The Weekend Starts...Now

The Top Things to Do This Weekend: March 12–15

Jess Walter writes about parenthood, Pacific Northwest Ballet gets "anarchistic," and local pro wrestling star Daniel Bryan returns home.

By Seattle Met Staff March 12, 2015

The challenging and dramatic works of choreographer William Forsythe are on display in PNB's program titled the Vertiginous Thrill of Forsythe.

DANCE

Mar 13–22
The Vertiginous Thrill of Forsythe
Once called “the Antichrist of ballet” by a British critic, famed choreographer William Forsythe approaches dance with a rule-breaking, postmodern zeal that has drawn its fair share of admirers and detesters. His choreography eschews smooth movement for frantic energy. Pacific Northwest Ballet presents three of Forsythe’s pieces, including the company premieres of The Vertiginous Thrill of Exactitude and New SuiteMcCaw Hall, $30–$184

BOOKS & TALKS

Fri, Mar 13
Hugo Literary Series: The Parent Trap
Becoming a parent can be the most life-affirming, world-destroying thing a person might do. Parents love their kids slightly more than they love complaining about the trials the wonderful little monsters put them through. Authors Jess Walter, Tiphanie Yanique, and Megan Snyder-Camp attempt to tackle the modern parent-child relationship in the latest edition of the Hugo Literary Series. Hugo House, $25

CONCERTS

Thur, Mar 12
Tweedy
Sometimes there’s an upside to nepotism. When Wilco’s Jeff Tweedy was demoing songs for a solo record, he decided to bring in his son Spencer on drums, and the songs quickly started to fill out. The resulting double album, Sukierae, finds Spencer’s drumming adding a young man’s zest to the mix and pushing dad’s folk rock sound forward. Neptune Theatre, Sold Out

Sat, Mar 14
Herbie Hancock and Chick Corea
Living piano legends Herbie Hancock and Chick Corea are hardly strangers, having collaborated on multiple live jazz rock albums in their late-'70s heyday, but it's been 37 years since the two last toured together. Their innovative fusion styles pushed the genre in ways previously unimagined, somehow making other jazz players seem slightly straitlaced. Don't think time has dulled their ability to wow audiences. Paramount Theatre, $41–$71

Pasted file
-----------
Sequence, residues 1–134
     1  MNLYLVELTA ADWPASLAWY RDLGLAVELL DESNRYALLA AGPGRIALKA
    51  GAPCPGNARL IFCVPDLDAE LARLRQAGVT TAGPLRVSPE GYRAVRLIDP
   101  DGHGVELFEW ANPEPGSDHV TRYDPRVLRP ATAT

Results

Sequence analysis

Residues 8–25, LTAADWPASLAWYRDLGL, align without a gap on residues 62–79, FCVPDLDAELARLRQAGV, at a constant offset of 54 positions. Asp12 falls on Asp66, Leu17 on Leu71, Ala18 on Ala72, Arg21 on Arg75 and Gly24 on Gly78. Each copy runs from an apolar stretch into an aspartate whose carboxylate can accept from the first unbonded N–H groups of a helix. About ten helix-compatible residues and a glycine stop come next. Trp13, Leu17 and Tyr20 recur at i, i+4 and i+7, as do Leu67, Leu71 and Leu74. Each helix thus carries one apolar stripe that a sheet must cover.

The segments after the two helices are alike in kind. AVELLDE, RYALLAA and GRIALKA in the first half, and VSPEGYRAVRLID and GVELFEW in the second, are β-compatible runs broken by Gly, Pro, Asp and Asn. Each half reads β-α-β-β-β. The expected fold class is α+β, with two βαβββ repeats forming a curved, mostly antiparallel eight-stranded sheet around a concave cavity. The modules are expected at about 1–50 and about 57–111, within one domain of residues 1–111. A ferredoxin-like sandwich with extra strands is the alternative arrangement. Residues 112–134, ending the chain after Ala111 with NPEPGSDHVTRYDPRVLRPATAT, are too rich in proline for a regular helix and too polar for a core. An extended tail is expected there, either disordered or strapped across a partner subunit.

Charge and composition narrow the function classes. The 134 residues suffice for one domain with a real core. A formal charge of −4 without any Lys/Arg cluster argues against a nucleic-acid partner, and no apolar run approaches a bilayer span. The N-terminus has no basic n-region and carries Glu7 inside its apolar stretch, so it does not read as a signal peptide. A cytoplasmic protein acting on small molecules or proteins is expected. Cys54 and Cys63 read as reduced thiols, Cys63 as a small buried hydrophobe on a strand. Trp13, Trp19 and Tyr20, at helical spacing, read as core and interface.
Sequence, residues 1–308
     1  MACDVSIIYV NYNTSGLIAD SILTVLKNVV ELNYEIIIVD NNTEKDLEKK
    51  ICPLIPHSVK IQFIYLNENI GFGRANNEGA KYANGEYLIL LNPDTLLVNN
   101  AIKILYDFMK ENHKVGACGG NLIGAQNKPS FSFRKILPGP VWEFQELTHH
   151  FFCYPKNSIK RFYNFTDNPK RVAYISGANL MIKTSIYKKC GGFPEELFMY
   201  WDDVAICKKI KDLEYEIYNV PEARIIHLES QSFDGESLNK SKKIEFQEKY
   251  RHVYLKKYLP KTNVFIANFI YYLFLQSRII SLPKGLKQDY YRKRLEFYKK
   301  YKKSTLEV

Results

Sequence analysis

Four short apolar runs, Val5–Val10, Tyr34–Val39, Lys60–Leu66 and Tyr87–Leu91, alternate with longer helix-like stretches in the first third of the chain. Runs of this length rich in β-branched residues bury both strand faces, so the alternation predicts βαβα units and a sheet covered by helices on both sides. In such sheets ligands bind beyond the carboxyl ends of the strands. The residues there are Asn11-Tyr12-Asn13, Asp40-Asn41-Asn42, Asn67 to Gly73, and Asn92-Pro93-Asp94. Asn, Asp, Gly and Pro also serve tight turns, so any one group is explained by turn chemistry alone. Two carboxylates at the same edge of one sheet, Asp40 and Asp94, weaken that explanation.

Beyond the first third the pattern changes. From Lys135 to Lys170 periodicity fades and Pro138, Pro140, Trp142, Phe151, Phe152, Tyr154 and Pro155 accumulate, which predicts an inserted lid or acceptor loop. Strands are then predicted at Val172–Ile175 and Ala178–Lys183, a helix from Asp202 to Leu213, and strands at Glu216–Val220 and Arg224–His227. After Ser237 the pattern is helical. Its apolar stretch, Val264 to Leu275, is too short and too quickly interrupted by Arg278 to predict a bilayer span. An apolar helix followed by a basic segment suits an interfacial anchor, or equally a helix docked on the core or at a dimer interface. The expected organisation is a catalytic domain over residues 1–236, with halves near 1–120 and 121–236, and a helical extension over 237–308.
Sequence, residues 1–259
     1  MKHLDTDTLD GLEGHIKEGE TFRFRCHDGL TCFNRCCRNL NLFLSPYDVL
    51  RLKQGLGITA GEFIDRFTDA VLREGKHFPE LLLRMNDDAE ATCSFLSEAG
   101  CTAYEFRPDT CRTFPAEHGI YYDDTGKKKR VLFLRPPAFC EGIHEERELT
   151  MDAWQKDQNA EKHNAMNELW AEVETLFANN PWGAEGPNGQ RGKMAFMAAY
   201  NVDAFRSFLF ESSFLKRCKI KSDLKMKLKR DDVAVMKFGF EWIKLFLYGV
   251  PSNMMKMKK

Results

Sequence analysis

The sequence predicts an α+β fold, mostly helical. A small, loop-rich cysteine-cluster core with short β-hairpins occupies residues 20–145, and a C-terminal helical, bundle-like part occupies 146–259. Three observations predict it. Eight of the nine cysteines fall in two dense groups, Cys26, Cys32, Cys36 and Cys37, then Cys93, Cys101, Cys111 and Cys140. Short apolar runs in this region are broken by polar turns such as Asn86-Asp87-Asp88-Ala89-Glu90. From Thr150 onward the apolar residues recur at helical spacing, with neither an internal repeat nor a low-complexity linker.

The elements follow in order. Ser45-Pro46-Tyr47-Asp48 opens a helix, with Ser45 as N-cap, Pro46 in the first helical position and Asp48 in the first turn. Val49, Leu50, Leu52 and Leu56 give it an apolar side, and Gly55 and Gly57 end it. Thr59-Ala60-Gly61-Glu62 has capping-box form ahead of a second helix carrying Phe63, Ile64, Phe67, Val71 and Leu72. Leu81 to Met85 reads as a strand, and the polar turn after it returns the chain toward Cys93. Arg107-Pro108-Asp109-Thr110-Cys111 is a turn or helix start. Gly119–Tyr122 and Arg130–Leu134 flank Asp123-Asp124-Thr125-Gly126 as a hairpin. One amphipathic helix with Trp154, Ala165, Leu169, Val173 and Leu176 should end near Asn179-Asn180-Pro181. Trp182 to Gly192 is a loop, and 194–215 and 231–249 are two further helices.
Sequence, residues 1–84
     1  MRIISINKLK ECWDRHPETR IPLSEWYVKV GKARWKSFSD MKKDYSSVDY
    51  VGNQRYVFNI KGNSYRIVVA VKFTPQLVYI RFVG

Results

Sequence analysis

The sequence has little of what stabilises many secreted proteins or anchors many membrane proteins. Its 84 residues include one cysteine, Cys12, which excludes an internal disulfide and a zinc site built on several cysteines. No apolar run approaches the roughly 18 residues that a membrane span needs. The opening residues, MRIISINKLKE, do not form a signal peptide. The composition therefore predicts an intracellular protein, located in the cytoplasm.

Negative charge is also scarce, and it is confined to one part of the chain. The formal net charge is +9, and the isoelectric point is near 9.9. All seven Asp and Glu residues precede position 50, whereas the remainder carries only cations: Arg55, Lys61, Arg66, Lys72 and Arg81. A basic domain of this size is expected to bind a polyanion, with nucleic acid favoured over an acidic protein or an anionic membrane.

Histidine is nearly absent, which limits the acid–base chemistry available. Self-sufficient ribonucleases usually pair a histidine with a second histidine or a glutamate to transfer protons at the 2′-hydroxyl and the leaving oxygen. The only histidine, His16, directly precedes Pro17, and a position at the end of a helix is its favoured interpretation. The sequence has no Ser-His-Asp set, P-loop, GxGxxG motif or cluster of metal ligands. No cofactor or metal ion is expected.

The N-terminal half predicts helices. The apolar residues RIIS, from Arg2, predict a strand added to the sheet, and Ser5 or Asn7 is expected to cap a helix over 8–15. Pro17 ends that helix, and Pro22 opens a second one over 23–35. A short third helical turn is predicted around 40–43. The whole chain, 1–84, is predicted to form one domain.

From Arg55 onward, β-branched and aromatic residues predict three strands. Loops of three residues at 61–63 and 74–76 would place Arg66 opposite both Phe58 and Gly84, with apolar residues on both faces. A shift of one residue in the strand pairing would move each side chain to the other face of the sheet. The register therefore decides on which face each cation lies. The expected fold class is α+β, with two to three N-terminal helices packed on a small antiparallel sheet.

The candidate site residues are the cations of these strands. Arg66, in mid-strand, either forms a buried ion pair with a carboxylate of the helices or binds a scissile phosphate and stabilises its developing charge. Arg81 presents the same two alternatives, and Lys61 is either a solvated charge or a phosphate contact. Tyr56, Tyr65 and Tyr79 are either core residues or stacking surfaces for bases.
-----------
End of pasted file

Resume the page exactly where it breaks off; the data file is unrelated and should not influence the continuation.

THEATER

Thru Mar 29
The Comparables
When breaking the glass ceiling, must women shower those left behind with cutting shards? Seattle Rep tackles the topic of professional female cruelty with the world premiere of Laura Schellhardt’s dark comedy The Comparables. The feminist satire follows three upscale real estate agents and their battles to get ahead in the workplace while taking a probing look at the potentially destructive ways in which women compete with each other. Seattle Repertory Theatre, $17–$72

SPECIAL EVENTS

Fri, Mar 13
SAM Remix

Seattle Art Museum stays open late for its ever-popular night soiree. Check out the new Indigenous Beauty exhibit, gaze at dance performances, drink cocktails, and become a creator at outdoor art making stations. Tickets are sold out, but, as a celebration of the second anniversary of Doug Aitken's Mirror video displays on the building's exterior, the first 50 people who show up dressed in head-to-toe silver clothing get in for free (plus, a limited number of tickets will be sold at the door). Seattle Art Museum, Sold Out

MUSEUMS

Thru May 3
Funky Turns 40
For better or worse, kids learn a lot from cartoons. It was certainly for the better when, in the 1970s, cartoons finally started including positive portrayals of black characters. Funky Turns 40 takes a look at how animated characters from Fat Albert to Valerie on Josie and the Pussycats helped instill black children with pride and self-esteem while changing the way children of other races perceived African Americans. Northwest African American Museum, $7

Thru May 25
Pompeii: The Exhibition
Pompeii: The Exhibition offers a chance to see exquisite objects rarely let out of Italy as well as a very thorough look at the history of the town and its devastating end. The opulent objects on display are absolutely stunning and the body casts give history an undeniable human connection. Pacific Science Center, $29–$32

FILM

Mar 14–22
Seattle Jewish Film Festival
Now in its 20th year, the Seattle Jewish Film Festival offers a glimpse at the spirit and the struggles of Jewish and Israeli people. This year’s lineup features an exploration of Israeli-German relations in Hanna’s Journey, the Golden Globe–nominated drama Gett: The Trial of Viviane Amsalem, and a Matzoh Momma brunch screening of the baseball documentary Havana CurveballVarious venues, single tickets $12–$20, festival pass $100–$250

THE SPORTING LIFE

Sat, Mar 14
WWE Live Road to Wrestlemania
Professional wrestling's biggest night—Wrestlemania—is mere weeks away, and the sports entertainers of the WWE are getting revved up for the event with a stop at KeyArena. Aberdeen's own Daniel Bryan (a former WWE Heavyweight Champion) headlines the event with a "Seattle Street Fight" match (which we imagine involves a lot of subtle passive-aggressiveness) against Kane. The card also features superstars Roman Reigns, Dean Ambrose, Bad News Barrett, and Big Show. KeyArena, $20–$100

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